FAYETTEVILLE, N.C., Sept 16 (Reuters) - Deadly storm Florence’s historic rainfall is testing the best efforts by many North Carolina cities to bolster their defenses against flooding since Hurricane Matthew inundated the eastern part of the state two years ago.
Since Matthew, firefighters have been trained in rapid water rescue and are equipped with inflatable boats used to pluck people from raging rivers and streams. More dams have been built on many of the rivers that snake through the state, and improved forecasting tools have made it easier to position rescue teams.
In the city of Lumberton, where the Lumber River overflowed its banks following Matthew, the city built a berm, an earthen wall along the riverbank to contain the rising current and prevent a repeat of the 2016 flooding.
The berm is intended to supplement a recently completed dam built across the river to allow for a controlled release of the water flow.
“We saw what was coming, so we started building a dam to keep that area from breaking through like it did before,” said Bill French, director of emergency services for Lumberton.
But on Sunday, the combination of the dam and berm failed to stop the swollen river from climbing beyond its banks as it reached about 24 feet (7.3 m), rising 17 feet (5.2 m) in two days alone.
It could get worse, with the river forecast to crest at 25.7 feet (7.8 m) late on Sunday.
Using a head start from forecasting of the slow-moving rains, French said the city began running half a dozen pumps to clear water from drainage canals.
“When the river gets as high as it is now, you’re kind of limited in what you can do,” he said.
Overall, Florence, a onetime hurricane that weakened to a tropical depression by Sunday, is forecast to douse the state with record rainfall from a single storm, surpassing the 24 inches (60 cm) that Hurricane Floyd dropped in 1999. In some spots in the offshore Outer Banks islands, 33 inches (84 cm) of rain were recorded this weekend.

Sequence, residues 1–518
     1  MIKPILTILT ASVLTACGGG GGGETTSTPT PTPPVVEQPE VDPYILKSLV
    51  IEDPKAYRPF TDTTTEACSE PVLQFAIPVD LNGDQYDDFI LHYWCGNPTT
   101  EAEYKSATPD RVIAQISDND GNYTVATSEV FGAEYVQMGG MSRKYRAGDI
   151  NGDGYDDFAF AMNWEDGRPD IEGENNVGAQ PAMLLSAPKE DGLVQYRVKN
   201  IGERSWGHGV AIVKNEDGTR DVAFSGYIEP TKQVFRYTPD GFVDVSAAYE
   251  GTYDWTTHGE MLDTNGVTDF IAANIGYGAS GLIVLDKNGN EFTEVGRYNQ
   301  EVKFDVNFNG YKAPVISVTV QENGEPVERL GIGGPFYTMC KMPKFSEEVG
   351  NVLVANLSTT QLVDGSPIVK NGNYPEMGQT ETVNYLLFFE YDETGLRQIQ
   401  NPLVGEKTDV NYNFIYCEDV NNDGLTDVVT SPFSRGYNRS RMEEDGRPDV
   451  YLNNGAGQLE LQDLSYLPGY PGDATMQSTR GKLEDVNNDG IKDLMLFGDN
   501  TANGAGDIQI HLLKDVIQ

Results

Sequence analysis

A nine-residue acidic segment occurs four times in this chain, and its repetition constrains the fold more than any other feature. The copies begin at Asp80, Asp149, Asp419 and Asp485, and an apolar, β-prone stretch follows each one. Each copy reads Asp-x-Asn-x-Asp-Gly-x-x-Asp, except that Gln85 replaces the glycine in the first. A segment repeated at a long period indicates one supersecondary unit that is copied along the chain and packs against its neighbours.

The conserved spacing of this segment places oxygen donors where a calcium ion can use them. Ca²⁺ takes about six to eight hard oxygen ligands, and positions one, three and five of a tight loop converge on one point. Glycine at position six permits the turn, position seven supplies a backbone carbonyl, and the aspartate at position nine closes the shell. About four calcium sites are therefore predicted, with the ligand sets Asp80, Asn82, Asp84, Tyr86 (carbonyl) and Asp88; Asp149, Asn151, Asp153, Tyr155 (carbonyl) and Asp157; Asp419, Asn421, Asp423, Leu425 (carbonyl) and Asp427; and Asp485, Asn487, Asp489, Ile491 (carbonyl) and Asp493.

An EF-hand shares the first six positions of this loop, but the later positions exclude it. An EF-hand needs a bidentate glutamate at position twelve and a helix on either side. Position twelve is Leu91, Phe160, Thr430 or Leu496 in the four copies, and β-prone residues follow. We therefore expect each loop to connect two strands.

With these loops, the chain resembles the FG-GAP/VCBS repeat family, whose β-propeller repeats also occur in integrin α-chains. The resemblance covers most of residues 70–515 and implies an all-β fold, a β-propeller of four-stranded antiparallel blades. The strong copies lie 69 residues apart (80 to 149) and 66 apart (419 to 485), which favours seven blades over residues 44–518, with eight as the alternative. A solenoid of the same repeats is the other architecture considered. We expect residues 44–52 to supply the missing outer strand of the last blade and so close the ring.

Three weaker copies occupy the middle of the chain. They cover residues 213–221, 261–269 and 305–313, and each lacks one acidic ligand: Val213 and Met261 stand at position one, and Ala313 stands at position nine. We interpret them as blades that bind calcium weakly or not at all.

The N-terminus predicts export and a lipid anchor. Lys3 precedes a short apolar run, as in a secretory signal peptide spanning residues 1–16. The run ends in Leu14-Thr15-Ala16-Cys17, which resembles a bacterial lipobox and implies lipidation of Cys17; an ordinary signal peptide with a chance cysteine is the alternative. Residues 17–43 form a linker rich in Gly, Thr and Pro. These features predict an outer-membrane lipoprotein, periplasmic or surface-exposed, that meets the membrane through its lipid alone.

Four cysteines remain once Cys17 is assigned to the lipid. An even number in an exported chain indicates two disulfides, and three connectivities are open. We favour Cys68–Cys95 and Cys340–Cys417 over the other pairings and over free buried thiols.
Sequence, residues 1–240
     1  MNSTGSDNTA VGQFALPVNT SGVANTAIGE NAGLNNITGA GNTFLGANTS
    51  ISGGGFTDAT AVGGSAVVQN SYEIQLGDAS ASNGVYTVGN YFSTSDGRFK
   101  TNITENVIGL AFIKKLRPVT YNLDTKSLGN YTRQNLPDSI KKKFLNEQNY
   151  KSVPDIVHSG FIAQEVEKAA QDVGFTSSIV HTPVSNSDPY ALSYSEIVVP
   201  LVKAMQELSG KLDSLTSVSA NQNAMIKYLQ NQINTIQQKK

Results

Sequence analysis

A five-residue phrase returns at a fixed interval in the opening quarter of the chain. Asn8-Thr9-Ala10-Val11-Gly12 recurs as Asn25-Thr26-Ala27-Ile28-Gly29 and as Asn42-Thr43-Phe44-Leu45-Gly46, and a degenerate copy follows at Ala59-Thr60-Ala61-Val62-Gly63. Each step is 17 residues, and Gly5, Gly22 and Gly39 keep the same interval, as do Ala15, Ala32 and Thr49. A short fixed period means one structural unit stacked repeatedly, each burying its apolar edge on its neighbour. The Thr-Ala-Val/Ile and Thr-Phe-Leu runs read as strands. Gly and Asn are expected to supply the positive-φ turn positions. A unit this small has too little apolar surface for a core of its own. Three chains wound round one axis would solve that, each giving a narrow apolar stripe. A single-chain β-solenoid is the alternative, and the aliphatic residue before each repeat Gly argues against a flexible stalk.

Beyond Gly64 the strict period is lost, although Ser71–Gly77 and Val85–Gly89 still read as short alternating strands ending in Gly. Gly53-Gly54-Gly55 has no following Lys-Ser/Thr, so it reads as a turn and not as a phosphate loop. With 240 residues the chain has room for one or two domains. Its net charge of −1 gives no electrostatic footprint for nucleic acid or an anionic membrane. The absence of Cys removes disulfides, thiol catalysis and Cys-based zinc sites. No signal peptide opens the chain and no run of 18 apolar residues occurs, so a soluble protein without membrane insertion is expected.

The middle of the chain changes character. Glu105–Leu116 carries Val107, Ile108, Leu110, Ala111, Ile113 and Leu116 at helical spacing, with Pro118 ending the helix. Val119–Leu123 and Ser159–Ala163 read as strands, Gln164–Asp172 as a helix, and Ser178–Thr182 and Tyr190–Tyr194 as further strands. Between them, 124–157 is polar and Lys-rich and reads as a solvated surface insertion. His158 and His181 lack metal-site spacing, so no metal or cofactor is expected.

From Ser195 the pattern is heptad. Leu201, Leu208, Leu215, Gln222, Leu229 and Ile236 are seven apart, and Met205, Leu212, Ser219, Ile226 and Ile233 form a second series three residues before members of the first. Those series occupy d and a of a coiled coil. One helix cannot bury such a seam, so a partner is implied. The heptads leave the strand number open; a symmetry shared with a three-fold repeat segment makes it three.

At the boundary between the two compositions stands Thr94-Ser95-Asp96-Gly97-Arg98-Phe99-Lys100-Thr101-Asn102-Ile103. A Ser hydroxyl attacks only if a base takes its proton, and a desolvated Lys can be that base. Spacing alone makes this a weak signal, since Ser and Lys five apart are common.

In Goldsboro, west of Fayetteville, retailers have moved inventory to higher shelves, learning their lesson two years ago when Matthew’s floodwaters damaged goods. City officials have gone door-to-door warning some residents they need to leave.
Similar precautions were taken in Wayne County on the banks of the Neuse River, where a furniture store devastated by Matthew removed all its heavy merchandise before the expected storm.
The area is made vulnerable by the flat landscape, said Scott Stevens, the city manager in Goldsboro. “A foot of water doesn’t spread out a foot. It spreads out a 100 feet,” he said.
Rivers may fill up even faster now that soil is so storm-slicked and sodden it cannot hold more water, said Drew Coleman, a professor of geological sciences at the University of North Carolina.
“It’s not a feasible location for us to do a lot of flood proofing on a large scale,” said Stevens, the Goldsboro city manager.
Since Matthew, Goldsboro has trained firefighters in water rescues and equipped them with additional boats, Stevens said, saying the city was “much better prepared with equipment and training to help people.”
Federal rescue teams were also positioned before the rivers could rise, with a search-and-rescue team based in Lincoln, Nebraska, joining efforts in Fayetteville to make sure senior citizens were safe ahead of the worst of the flooding.
More than 140 people were evacuated from a nursing home in Fayetteville late on Saturday by a rescue team comprised of federal responders, state and local emergency workers, said Maine Johnson, a spokesman for the city of Fayetteville.
The worst may be yet to come, said Evan Duffey, a meteorologist at Accuweather in State College, Pennsylvania. “All the water from further upstream takes a little while to get down to them.”
The Cape Fear River, with a normal depth of just 2 feet (0.6 m) near Fayetteville, is expected to crest late on Monday at 26 feet (7.9 m), which could upend life in the city of about 200,000 people, still recovering from a costly flood in the aftermath of Matthew two years ago.
In towns like Lumberton, which lies just 25 feet (7.6 m) above sea level, even the best preparations cannot protect the entire area, said French, the emergency services manager.
“There are some areas that you simply can’t do anything about.”
Reporting by Patrick Rucker; Additional reporting by Jessica Resnick-Ault, Devika Krishna Kumar and Gabriella Borter in New York; Editing by Frank McGurty and Peter Cooney